Bacteria resistant to antibiotics — similar to MRSA — found in livestock and pets are rarely transmitted to humans, according to a study published in Nature Microbiology.
An international team of researchers, led by Prof Ed Feil, based at the University of Bath, UK, investigated the prevalence of Klebsiella, a family of bacteria that lives in the intestines without causing any harm but can be dangerous if it spreads to other parts of the body. For example, Klebsiella pneumoniae can cause pneumonia, meningitis infections in the blood, and urinary tract infections. These bacteria are highly resistant to antibiotics, with some of them even resistant to “last resort” carbapenems, which are only used when everything else fails. As a result, these bacteria represent a significant health problem in the UK, and the WHO has recognised it as a critical priority healthcare associated pathogen.
“Klebsiella infections are becoming increasingly resistant to antibiotics, so whereas you used to be able to treat most urinary tract infections easily, now it is more common that patients are getting infections that keep coming back and causing problems,” said prof Feil. “Our researchers wanted to find out whether resistant bacteria are now spreading into pets, farms, livestock, plants, and water, and so we wanted to investigate where Klebsiella is found and monitor how it spreads to inform how best to prevent and control outbreaks.”
In addition to hospitals, these bacteria are also common in the environment, including livestock and pets. To examine how easily these bacteria can be transferred from animals to humans, the team collected over 6,000 samples over a 15-month period from various locations in the Italian city of Pavia, where the pathogen is a major problem in hospitals. Samples were collected from hospitals, as well as farms, puddles, domestic pets, and even house flies and other insects.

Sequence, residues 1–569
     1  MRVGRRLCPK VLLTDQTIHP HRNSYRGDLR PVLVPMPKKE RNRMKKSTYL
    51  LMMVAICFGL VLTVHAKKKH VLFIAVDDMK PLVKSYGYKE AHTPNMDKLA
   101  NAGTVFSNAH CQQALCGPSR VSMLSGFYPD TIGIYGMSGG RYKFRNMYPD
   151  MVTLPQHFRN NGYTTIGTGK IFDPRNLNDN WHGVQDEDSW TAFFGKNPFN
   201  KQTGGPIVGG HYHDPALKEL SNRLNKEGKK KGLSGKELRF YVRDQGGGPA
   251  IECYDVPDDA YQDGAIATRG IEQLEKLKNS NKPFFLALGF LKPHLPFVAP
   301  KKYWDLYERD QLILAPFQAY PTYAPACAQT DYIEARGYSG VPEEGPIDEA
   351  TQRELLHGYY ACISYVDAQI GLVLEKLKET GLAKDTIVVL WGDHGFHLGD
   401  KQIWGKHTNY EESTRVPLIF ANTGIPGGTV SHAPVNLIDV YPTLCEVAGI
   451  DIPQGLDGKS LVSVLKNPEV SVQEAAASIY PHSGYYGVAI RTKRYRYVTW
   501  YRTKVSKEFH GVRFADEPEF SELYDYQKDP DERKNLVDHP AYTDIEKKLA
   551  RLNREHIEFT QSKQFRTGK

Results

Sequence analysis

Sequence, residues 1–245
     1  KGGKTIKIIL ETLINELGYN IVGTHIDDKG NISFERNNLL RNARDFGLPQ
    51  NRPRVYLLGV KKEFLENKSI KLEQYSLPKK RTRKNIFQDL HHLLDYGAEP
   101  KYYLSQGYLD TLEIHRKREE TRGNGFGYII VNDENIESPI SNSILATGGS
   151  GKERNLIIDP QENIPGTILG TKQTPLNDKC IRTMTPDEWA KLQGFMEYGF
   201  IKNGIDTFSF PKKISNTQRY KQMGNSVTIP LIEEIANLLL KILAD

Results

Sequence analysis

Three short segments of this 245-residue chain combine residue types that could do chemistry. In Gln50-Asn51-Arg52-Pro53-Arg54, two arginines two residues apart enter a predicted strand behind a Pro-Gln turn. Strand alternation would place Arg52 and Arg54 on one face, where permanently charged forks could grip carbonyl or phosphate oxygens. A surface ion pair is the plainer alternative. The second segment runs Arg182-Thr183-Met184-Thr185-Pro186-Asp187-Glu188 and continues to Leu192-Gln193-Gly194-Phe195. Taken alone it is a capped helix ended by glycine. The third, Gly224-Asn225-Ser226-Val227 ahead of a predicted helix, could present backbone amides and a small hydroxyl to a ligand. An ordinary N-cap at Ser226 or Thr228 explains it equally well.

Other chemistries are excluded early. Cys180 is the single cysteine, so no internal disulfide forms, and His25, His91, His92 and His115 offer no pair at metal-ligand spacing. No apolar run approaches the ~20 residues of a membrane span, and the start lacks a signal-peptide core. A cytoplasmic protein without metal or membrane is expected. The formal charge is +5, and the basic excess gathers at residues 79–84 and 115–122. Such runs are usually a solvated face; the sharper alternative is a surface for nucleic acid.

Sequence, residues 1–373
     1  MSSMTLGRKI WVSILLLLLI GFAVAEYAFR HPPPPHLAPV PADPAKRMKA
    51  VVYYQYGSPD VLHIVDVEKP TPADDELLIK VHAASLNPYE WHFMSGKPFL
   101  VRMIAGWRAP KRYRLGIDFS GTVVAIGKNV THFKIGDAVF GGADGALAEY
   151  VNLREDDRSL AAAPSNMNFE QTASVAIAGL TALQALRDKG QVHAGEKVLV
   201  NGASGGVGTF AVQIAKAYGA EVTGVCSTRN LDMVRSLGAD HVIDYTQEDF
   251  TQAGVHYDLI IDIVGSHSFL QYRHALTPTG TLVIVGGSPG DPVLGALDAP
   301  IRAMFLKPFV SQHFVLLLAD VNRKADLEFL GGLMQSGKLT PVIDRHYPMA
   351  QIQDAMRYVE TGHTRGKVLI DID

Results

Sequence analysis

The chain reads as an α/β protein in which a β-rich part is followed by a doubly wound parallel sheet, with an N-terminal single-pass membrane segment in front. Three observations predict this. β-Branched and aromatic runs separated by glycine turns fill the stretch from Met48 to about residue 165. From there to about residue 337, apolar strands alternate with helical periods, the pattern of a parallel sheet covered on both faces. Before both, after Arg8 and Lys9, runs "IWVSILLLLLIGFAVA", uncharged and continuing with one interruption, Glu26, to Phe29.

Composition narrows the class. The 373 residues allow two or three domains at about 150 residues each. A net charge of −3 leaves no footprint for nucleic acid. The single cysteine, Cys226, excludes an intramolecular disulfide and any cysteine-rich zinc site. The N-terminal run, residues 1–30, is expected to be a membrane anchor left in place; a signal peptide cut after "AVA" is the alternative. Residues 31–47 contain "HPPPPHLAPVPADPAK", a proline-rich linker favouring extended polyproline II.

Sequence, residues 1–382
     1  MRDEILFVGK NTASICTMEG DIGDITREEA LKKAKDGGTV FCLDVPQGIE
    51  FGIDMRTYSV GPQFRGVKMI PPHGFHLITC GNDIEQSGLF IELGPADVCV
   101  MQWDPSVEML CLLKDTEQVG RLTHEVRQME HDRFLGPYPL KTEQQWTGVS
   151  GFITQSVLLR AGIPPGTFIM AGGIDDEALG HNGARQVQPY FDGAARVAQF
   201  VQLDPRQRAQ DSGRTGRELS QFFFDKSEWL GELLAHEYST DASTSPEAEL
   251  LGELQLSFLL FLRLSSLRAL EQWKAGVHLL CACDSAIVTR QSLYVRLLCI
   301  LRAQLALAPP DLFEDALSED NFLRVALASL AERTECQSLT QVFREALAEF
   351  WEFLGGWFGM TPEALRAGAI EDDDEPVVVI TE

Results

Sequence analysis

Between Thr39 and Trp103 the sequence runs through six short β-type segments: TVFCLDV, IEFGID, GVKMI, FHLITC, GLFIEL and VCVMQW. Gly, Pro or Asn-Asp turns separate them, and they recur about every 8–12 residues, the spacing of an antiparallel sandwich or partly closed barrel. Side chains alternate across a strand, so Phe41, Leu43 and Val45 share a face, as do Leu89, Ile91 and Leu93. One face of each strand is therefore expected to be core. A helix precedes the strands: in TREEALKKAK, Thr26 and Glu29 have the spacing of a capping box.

The researchers then used whole genome sequencing techniques and found 15 different species of Klebsiella, with half of the samples containing the dangerous K. pneumoniae. The results also showed very little overlap between the samples from the hospitals and those from the environment.
“We found it was present everywhere, but were surprised that the strains found in hospital were different to those found in the environment, indicating there’s very little transfer between the two habitats: humans nearly always catch this from other humans,” said Prof Feil. “This confirms the best way to control infection for these bacteria remains stringent hospital hygiene, and that there is less chance that outbreaks may be caused by contact with animals or the environment than previously feared, at least in a high-resource country like Italy.”
Thorpe, H.A., Booton, R., Kallonen, T. et al. A large-scale genomic snapshot of Klebsiellaspp. isolates in Northern Italy reveals limited transmission between clinical and non-clinical settings. Nat Microbiol 7, 2054–2067 (2022). https://doi.org/10.1038/s41564-022-01263-0